Education

Pillar of the community

Lead carver and Lummi master carver David Wilson, left, watches over the action Saturday during the totem pole raising ceremony at Nisqually Middle School in Lacey. Speeches and prayer were followed by the unveiling and formal installation of the pole.
Lead carver and Lummi master carver David Wilson, left, watches over the action Saturday during the totem pole raising ceremony at Nisqually Middle School in Lacey. Speeches and prayer were followed by the unveiling and formal installation of the pole. The Olympian

LACEY - About 200 people watched as a coastal-style totem pole was raised Saturday morning at Nisqually Middle School, a six-year labor of love that students, American Indian tribal members and others all helped create.

The raising of the 15-foot pole, called “Children Playing Among Teachers,” was part of a two-hour ceremony during which those who helped carve it were acknowledged. There also were tribal ceremonies and prayer, as well as guest speakers, including David Wilson, a Lummi master carver who has led the carving effort for the past few years. Wilson acknowledged the hundreds of people, including Nisqually Middle School students, who helped carve the pole.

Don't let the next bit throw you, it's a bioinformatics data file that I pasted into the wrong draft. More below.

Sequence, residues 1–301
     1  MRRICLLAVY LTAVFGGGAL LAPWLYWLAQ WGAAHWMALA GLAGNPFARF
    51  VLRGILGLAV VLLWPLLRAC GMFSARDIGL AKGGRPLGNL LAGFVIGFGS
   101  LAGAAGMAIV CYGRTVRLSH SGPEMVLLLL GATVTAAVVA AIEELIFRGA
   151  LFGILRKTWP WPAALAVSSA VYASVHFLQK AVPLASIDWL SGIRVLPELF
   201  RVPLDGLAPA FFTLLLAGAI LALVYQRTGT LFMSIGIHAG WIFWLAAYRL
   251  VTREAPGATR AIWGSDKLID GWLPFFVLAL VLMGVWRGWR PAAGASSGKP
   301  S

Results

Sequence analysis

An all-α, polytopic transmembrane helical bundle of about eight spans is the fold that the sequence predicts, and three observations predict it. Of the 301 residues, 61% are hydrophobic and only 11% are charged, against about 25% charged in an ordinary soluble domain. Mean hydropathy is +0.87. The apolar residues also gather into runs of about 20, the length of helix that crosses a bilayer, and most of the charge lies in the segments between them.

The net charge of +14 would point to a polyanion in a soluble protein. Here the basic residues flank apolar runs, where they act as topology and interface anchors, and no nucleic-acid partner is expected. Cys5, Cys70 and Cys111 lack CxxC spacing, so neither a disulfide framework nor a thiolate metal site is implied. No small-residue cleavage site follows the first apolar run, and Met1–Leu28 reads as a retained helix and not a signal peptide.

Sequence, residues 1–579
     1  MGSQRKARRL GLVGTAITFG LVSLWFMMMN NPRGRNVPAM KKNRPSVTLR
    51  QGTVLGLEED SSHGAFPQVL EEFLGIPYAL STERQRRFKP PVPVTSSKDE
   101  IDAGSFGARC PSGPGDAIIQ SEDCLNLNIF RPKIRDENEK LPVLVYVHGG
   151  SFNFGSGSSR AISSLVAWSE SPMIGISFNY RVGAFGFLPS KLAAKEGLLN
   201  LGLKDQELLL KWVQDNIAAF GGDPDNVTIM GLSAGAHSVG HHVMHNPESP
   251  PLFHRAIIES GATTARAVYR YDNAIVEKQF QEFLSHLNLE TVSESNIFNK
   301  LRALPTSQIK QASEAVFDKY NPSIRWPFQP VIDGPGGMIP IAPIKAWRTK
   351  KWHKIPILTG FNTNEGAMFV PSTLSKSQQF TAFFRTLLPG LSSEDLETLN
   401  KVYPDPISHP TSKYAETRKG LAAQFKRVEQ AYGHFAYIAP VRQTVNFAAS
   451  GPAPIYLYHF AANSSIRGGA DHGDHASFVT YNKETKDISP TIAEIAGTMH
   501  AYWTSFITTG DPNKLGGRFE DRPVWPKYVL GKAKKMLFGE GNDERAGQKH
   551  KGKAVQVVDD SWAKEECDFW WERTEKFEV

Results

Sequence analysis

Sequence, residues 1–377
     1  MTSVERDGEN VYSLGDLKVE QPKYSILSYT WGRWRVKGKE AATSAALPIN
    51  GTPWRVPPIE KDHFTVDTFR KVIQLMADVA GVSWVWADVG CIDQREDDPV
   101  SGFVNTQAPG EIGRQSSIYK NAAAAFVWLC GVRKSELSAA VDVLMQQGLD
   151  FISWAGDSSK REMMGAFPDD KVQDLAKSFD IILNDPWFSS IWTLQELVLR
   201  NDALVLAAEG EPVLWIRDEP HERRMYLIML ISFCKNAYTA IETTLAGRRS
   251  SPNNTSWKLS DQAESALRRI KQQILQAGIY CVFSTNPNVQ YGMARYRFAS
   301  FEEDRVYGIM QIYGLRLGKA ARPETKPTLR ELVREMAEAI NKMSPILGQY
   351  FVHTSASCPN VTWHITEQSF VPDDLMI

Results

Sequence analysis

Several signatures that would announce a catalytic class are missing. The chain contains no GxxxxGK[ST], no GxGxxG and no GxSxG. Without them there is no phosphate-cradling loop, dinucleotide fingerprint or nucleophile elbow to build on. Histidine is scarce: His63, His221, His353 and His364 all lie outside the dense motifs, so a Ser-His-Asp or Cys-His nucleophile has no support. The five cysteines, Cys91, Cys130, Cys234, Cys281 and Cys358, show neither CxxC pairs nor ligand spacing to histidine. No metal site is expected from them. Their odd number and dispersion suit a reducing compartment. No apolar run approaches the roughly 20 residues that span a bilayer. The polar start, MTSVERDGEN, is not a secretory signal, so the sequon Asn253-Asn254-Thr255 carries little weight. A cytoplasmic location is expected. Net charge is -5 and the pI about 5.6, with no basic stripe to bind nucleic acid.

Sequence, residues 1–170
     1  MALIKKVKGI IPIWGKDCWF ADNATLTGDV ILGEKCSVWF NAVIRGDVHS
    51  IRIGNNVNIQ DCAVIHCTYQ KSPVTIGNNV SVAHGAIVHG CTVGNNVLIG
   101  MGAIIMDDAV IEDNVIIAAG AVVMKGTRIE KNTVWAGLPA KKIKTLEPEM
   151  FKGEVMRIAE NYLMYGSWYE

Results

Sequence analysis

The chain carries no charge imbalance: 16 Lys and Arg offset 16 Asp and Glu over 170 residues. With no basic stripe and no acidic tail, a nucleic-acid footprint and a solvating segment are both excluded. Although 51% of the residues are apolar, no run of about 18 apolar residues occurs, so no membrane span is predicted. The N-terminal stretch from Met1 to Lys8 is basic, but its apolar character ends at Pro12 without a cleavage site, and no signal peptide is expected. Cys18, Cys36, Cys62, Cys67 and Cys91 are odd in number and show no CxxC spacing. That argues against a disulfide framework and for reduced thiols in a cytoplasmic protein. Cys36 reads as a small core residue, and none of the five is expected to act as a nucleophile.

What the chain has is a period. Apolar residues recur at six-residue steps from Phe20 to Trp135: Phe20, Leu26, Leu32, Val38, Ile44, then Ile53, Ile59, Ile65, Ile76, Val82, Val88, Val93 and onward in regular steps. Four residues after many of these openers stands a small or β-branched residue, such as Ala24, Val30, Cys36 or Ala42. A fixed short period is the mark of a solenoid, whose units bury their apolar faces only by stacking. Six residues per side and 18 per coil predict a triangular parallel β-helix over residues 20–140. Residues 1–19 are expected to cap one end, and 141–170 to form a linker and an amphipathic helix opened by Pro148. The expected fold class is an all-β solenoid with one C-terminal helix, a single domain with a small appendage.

“From eight years old to 80 years old and everyone in between,” he said about those who had a hand in shaping the pole. “People will be talking about this 100 years from now.”

After an hour of speeches and ceremonies, the pole was unveiled. Then 20 people associated with its creation lifted it into position so that a crane could place it on a metal base. After the pole was raised, it received a tribal blessing. Then Wilson explained the design, pointing out the three animals displayed on it.

At the top is an eagle, which represents strength, followed by a whale for family. At the bottom is the nurturing image of a bear, he said. Children’s faces represent the school and the community. While Wilson explained the pole, a tribal elder pointed out that a bird, possibly an eagle, was flying above during the ceremony.

Nisqually Middle School, which draws a good share of children from the nearby Nisqually reservation, has been “Home of the Totems.”

One day, art teacher Ginny Lane, who also attended Saturday, heard some students in her advisory class say they didn’t understand why the school had such an unusual mascot. That led to the totem pole idea and the securing of a 186-year-old cedar log that was donated by Manke Lumber of Shelton for the project. During the carving, the pole spent time at the school and at the Nisqually tribe’s community carving studio.

One of those who helped work on the pole was former Nisqually Middle School student Querida Perez, 16. She attended Saturday as a special guest and said she developed a close relationship with David Wilson and his wife, Anna, during the carving.

Rolf Boone: 360-754-5403

rboone@theolympian.com

www.theolympian.com/bizblog

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